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Shoppers won't find ready-to-wear designer duds on the second floor of Saks Fifth Avenue's flagship story. Instead, they'll stumble on Breathe Salt Rooms, Sundays nail studio, and a PXG golf simulator.
The high-end department store is undergoing a hefty renovation to give the Fifth Avenue store a facelift. Since some departments were being moved to different floors during the work, the second floor was going to be vacant for some time. The area will eventually be connected to the first floor by a glass elevator and be home to the beauty department and some jewelry.
But until then, Saks President Marc Metrick asked associates to get creative with the space. Thus, The Wellery was born.
"We're learning a lot," he said. "We are innovating. We are seeing what's portable, what we can take to our other stores, what we can continue with here, ... and we are doing what we want to do, which is, we are creating a connection with our consumer in a different way than retailers have ever had to do before."
Metrick said Saks is using The Wellery to learn about the new luxury: wellness.
Consumers are growing increasingly interested in eating healthy, exercising, and spending on experiences over things. It's causing traditional brick-and-mortar retailers to think differently about how they attract shoppers into stores with experiences that can't be ordered online.
It also comes at time that department stores that own valuable store locations are under pressure to better monetize their real estate holdings for shareholders. That includes Saks' parent company, Hudson's Bay Company, which has been asked to do just that by hedge fund Land & Buildings, which owns a 5 percent stake in Hudson's.
The suggestions Saks has received have ranged from closing stores to selling and converting the top floors of the Saks Fifth Avenue flagship into luxury apartments.
Ideas like The Wellery could offer yet another option.
Covering more than 16,000 square feet, The Wellery will be open until the end of October. There are fitness classes and equipment for sale, along with beauty treatments to experience and products to buy.
The Saks Studio offers rotating, pop-up classes put on by outside fitness experts from Bari Studio, Uma Gaia and others.
ConBody is exactly what it sounds like: a prison-like workout using only your body weight, taught by formerly incarcerated individuals, in an area offset by a chain-like fence. Reservations are made online for the $30 class. And it's the one experience Metrick calls out when asked which offering shouldn't be missed.
"If you have the guts, or have a gut, take the ConBody," he said.
While thin brows are out, grooming them is certainly in. The Wellery's Blink Brow Bar offers threading and tinting, and while you're there, consider lash extensions and perming, too.
Sundays nail studio offers nontoxic services, including a vegan manicure, massages and guided meditation.
Skinney MedSpa takes treatments a step beyond manicures with CoolSculpting fat reduction, Venus Freeze cellulite treatment, photo facials and more.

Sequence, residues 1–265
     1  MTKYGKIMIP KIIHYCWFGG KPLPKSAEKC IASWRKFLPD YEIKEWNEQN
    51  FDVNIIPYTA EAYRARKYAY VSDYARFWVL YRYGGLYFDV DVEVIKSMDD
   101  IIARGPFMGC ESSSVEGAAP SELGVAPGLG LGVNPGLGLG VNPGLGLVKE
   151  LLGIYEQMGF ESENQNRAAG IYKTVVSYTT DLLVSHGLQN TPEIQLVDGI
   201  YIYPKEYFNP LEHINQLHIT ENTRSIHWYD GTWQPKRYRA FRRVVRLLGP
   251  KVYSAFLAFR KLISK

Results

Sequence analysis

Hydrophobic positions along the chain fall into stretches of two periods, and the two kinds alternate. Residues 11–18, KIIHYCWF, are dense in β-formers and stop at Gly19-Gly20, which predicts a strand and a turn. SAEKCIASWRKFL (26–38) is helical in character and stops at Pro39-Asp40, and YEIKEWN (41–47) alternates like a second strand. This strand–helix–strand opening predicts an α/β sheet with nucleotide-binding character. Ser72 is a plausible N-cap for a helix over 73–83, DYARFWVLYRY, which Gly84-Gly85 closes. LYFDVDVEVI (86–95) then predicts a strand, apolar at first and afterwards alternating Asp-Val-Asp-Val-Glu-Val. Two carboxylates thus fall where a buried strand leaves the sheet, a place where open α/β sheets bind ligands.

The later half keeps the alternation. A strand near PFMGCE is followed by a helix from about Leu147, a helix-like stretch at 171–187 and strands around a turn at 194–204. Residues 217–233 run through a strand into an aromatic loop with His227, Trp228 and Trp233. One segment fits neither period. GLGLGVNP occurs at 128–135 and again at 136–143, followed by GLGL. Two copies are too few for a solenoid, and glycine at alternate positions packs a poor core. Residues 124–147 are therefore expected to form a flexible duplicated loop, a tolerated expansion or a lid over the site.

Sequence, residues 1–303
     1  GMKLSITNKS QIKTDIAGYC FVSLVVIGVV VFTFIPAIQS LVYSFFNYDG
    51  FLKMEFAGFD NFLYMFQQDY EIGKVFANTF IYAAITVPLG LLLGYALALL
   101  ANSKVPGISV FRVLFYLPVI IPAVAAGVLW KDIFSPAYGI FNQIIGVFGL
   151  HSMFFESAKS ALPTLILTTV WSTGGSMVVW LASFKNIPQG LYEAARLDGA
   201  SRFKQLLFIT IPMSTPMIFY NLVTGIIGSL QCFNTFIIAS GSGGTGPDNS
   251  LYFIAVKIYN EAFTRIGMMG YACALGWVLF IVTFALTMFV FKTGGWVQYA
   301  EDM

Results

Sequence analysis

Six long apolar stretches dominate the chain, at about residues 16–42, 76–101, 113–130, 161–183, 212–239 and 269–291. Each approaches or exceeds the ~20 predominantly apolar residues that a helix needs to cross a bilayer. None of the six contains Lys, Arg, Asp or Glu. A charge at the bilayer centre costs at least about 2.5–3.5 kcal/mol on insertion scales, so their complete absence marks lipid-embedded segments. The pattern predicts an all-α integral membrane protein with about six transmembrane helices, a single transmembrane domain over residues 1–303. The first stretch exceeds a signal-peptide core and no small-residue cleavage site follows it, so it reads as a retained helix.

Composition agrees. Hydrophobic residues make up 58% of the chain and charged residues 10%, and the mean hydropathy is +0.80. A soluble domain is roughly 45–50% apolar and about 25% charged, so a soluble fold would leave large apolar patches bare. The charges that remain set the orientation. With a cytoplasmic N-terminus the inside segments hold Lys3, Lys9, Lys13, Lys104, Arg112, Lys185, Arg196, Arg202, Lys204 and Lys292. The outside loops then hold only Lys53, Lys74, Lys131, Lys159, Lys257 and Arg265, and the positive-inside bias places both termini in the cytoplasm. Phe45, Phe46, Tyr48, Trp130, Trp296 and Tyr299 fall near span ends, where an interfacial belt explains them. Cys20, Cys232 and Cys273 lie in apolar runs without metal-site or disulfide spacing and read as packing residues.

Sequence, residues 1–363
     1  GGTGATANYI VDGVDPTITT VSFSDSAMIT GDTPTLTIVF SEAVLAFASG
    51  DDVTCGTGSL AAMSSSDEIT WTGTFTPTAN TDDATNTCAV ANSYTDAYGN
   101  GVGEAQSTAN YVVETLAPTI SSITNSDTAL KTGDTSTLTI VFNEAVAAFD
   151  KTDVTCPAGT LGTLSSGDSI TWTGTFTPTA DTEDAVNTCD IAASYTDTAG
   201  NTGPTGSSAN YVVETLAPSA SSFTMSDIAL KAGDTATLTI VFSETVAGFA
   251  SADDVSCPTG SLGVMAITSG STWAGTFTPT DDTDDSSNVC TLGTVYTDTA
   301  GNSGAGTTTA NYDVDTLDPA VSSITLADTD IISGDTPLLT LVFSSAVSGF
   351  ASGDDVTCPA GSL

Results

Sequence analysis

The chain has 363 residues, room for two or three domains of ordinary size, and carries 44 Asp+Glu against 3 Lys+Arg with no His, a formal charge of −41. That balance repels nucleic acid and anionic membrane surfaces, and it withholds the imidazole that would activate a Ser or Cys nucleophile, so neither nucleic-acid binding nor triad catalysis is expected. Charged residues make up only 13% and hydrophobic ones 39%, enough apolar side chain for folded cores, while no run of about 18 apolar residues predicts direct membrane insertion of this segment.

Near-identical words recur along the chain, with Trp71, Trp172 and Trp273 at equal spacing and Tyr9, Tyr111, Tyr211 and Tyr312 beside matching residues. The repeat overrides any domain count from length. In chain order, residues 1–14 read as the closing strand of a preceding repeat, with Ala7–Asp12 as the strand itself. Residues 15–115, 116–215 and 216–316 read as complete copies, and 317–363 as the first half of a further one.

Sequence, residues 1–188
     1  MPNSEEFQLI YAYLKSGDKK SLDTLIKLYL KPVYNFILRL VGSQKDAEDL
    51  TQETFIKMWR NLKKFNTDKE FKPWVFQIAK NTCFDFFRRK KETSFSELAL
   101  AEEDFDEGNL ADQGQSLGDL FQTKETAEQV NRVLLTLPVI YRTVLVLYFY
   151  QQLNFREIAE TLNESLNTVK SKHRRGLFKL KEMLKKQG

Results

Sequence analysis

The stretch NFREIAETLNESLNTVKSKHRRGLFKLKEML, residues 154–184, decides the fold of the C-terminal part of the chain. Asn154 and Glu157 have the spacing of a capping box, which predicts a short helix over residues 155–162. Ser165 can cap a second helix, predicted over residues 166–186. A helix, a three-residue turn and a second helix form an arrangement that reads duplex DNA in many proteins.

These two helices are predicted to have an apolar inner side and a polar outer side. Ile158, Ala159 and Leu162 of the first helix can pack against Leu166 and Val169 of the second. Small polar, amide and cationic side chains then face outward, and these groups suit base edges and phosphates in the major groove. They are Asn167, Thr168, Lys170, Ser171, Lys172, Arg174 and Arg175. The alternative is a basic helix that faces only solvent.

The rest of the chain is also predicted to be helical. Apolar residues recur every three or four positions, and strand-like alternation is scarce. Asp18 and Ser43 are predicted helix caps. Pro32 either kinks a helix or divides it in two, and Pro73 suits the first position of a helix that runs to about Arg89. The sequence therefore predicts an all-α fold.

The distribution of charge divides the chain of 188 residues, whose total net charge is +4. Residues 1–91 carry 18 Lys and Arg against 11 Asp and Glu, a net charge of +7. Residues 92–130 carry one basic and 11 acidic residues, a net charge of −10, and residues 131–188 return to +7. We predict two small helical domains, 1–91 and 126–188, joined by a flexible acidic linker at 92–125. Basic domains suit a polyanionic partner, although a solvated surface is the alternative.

Perhaps the most interesting wellness treatment are the Breathe Salt Rooms. Shoppers looking to detoxify book 10 minutes for $25, and sit in a booth with Himalayan salts at their feet, with a 99.9 percent sodium chloride mist pumped in, with calming music and changing lights for the duration. Breathe says salt is naturally anti-inflammatory, antibacterial, antiviral and more. It says the treatments can aid in clearing up allergies, bronchitis and colds, plus skin conditions like psoriasis and eczema, and improve sleep by helping with snoring and sleep apnea.
Showrooms allow shoppers to test equipment to some degree, but stop short of offering full classes or instruction.
Peloton has two bikes with livestreams to the New York studio and Drive 495 is PXG's golf simulator experience to help measure angle, speed, spin rate and more to best fit you for new golf clubs.
It's not devoid of clothing, though what is available for sale is geared toward fitness and wellness.
Greyson Clothiers, which sells high-end men's golf and activewear, is also there, with a putting green where customers can practice sinking the perfect putt before they commit to spending $120 on pair of golf shorts.
The Wellery is certainly attention-grabbing, but CNBC observed the traffic on the second floor was considerably more sparse than the first floor, and less populated than other higher floors.
While he wouldn't disclose financial details or quantify the foot traffic of The Wellery, Metrick said he thinks it's a valuable experiment giving consumers new health, wellness and fitness-related experiences.
"We have affirmed what we learned from our research," Metrick said. "It's all about feeling better. And the consumer is interested in it. And like a lot of fashion and a lot of trend, it's going to take more time to take hold, but we have a lot of momentum, so we continue to learn what's important."
Saks hasn't announced plans to permanently add any of The Wellery's vendors to its flagship or other stores when the space closes. So if you need a salt detoxification session, or your golf swing assessed, you better get there soon.